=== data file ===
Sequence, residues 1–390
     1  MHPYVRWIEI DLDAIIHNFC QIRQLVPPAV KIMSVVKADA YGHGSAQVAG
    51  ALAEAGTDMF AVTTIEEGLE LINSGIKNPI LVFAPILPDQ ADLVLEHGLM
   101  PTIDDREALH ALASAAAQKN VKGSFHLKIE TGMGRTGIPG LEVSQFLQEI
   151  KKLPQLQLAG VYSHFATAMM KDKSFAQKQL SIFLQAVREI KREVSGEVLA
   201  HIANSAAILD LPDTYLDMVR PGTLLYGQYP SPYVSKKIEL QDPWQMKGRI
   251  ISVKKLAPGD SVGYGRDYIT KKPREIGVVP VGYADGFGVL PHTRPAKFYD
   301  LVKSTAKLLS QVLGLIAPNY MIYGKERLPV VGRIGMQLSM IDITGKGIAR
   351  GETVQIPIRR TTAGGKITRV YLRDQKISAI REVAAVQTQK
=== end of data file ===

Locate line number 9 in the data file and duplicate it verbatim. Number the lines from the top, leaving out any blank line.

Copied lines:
   351  GETVQIPIRR TTAGGKITRV YLRDQKISAI REVAAVQTQK